whom, and they apparently use this information to gauge if you are dishonest in
using services like AdSense.
Furthermore, a radical new service, 23andMe,
offers an extensive analysis of your DNA for 999 dollars. Although not owned or
operated by Google, 23andMe is still partly funded by them, and one of its
co-founders, Anne Wojcicki, is married to Sergey Brin.
Its founders say
the data in their system is completely secure and protected. "The data will not
leave 23andMe," says co-founder Linda Avey, and although Google will not possess
your genetic information even if you choose to buy this service, it raises yet
another question mark on how safe the internet is.
willingly or unwillingly know that Google knows a lot about us – but do we know
if they have stored the information or are analysing and compiling those
enormous reports on every user?
Given a huge number of users - Google has
around 380million unique users per month as of 2005 alone (Nielsen/Net Ratings
8/05) – it is safe enough to say that there are less chances that a Google
employee would be monitoring all your online activities and enjoying your
probability out; the document, although a hefty read, ensures a user's
information protection and addresses many privacy concerns that a user may have,
albeit in a somewhat confusing manner if you are unfamiliar with legal
But what if the government or perhaps an individual comes up with a
court order to release all (or even some) of your user information from Google?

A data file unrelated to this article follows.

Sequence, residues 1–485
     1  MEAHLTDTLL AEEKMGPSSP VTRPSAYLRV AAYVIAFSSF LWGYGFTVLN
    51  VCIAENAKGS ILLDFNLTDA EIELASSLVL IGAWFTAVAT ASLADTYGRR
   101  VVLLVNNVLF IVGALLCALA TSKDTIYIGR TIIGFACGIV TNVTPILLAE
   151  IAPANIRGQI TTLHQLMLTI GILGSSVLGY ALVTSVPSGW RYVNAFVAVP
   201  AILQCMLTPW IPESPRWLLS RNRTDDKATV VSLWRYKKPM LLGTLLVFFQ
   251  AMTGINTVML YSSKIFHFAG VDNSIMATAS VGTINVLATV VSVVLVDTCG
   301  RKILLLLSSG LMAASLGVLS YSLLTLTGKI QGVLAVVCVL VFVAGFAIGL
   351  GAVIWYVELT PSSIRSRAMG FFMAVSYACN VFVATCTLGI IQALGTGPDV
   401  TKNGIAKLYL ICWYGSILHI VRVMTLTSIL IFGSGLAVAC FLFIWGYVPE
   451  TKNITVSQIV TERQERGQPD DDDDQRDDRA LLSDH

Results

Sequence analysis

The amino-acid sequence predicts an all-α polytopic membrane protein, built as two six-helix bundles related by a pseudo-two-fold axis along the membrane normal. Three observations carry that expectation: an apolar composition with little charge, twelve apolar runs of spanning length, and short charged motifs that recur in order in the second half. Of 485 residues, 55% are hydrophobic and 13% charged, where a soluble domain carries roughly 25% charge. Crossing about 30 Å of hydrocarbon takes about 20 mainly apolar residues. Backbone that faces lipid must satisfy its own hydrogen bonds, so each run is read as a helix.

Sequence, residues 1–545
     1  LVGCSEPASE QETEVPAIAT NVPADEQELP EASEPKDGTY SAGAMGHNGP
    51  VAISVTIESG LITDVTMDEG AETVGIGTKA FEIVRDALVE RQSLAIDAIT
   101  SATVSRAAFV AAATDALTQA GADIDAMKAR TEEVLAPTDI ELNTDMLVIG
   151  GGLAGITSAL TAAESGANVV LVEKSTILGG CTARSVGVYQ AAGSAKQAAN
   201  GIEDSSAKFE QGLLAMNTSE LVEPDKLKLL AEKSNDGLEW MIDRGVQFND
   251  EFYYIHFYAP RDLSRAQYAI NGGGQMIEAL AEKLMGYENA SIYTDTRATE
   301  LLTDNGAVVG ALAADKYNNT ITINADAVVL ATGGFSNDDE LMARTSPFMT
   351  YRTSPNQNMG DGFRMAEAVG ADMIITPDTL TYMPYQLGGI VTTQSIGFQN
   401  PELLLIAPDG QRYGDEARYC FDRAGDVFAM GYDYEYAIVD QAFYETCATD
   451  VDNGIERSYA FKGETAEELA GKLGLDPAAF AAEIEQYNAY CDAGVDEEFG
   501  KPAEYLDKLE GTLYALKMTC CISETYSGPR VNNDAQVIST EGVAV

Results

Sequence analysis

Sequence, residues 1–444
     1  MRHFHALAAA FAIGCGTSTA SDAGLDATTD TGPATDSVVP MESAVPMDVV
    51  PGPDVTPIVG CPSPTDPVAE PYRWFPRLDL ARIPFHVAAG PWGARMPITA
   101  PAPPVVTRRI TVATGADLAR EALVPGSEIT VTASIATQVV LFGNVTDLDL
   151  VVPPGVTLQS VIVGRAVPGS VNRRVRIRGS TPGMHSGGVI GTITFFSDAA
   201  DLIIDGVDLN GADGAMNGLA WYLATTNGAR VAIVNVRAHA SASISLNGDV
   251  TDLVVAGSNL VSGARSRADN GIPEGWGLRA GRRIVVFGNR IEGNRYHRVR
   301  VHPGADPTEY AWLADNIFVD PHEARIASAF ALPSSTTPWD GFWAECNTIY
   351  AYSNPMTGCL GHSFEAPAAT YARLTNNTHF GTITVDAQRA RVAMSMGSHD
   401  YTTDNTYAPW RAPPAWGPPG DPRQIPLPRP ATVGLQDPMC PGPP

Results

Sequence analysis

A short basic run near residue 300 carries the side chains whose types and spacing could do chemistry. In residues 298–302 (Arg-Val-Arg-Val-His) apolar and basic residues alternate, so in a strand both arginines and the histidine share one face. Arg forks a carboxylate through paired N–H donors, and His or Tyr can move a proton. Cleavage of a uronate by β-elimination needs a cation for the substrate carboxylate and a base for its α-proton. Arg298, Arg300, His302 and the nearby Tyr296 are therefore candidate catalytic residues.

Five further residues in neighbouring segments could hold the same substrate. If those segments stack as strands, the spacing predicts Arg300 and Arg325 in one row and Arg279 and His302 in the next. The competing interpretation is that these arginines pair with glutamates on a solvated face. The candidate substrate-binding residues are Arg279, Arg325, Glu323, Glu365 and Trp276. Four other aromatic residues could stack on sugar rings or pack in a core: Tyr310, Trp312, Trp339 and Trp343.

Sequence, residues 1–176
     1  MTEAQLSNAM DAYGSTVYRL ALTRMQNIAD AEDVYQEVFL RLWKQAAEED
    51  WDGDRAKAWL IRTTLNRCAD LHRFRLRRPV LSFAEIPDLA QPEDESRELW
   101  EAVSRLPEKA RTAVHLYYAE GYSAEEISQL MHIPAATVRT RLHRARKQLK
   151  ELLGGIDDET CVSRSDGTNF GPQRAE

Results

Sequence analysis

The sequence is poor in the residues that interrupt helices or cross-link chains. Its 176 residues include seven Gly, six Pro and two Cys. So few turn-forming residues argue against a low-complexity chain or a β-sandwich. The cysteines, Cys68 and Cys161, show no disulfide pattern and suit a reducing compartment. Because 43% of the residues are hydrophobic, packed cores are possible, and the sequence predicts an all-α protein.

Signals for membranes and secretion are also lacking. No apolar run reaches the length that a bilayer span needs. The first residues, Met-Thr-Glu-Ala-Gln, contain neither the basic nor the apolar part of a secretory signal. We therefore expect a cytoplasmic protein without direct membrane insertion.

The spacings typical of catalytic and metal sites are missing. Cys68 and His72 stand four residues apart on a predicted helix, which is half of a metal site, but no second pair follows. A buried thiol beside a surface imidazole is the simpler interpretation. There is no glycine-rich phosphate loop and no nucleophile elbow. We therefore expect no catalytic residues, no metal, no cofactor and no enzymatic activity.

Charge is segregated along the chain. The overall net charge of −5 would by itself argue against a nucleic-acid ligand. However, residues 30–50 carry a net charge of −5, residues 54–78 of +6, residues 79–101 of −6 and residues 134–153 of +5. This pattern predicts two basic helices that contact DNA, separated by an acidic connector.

We know the data is there, and Google may be legally bound to abide by such
orders. That just-for-fun search you did on how to assemble an AK-47, does not
seem funny now!
In December 2006, vulnerability was discovered in Gmail
that enabled malicious websites to steal a user's entire address book without
warning. If you were signed in to Gmail when visiting the site, a nicely
formatted XML document containing all your contact's e-mails could be mailed to
the hacker in seconds, and you would not even know it. Thankfully, just hours
after being discovered, the gap was promptly plugged, and although its existence
did raise an alarm in many users' minds about their data's security, it was some
consolation that the Google Security team was fast at hand to take care of such
The privacy advocates are constantly slamming Google for their
data retention policies and 'Privacy International', an internet watchdog group
has deemed G to be 'Hostile to Privacy,' which is the lowest rating in the
watchdog's 2007 Consultation report.
However, it is not just Google that
is keeping tabs on what its users do online. Yahoo! for instance, one of
Google's biggest competitors, also offers services that collect sensitive
information that may one day haunt the user. Popular bookmarking site
Del.icio.us is a place to store your favourite sites; you can upload personal
pictures to Flickr; Yahoo! Jobs, Yahoo! Mail and Yahoo! Shopping pose equally
obvious threats to a user's privacy if compromised.
Optimists argue that
Google and Yahoo! both know what you let them know, and with the right measures,
your personal information can be safeguarded from prying eyes. Today, online
services such as Google and Yahoo! have become a commonplace and it is hard for
some people to imagine internet without them.
Perhaps the best way to get
the best of both worlds is to be more careful with what one does online. There
is no doubt that Google has redefined and transformed the internet in ways that
has never been thought before. To-do lists, personal appointments and corporate
documents are now all managed online, and while this makes life far
Nonetheless, the fact remains that Google has become one of the
necessities of the internet world, and whether you trust enough to use it
whole-heartedly or not is entirely up to you. There is no practical advice to be
given when it comes to using such online services, because each user's needs
vary, and so does their trust in technology. Dawn